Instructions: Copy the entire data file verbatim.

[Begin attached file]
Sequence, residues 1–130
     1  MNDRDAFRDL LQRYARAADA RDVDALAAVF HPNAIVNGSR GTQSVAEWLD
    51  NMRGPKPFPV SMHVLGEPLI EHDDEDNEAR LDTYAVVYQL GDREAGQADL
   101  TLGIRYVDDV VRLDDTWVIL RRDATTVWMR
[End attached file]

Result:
Sequence, residues 1–130
     1  MNDRDAFRDL LQRYARAADA RDVDALAAVF HPNAIVNGSR GTQSVAEWLD
    51  NMRGPKPFPV SMHVLGEPLI EHDDEDNEAR LDTYAVVYQL GDREAGQADL
   101  TLGIRYVDDV VRLDDTWVIL RRDATTVWMR